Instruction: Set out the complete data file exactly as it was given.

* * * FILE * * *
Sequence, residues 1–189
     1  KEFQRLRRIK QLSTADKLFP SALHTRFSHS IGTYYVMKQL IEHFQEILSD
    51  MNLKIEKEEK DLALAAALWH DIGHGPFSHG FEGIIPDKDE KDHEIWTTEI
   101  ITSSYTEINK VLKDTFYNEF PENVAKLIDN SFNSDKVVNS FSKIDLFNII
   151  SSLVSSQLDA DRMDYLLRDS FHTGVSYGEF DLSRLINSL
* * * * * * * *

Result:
Sequence, residues 1–189
     1  KEFQRLRRIK QLSTADKLFP SALHTRFSHS IGTYYVMKQL IEHFQEILSD
    51  MNLKIEKEEK DLALAAALWH DIGHGPFSHG FEGIIPDKDE KDHEIWTTEI
   101  ITSSYTEINK VLKDTFYNEF PENVAKLIDN SFNSDKVVNS FSKIDLFNII
   151  SSLVSSQLDA DRMDYLLRDS FHTGVSYGEF DLSRLINSL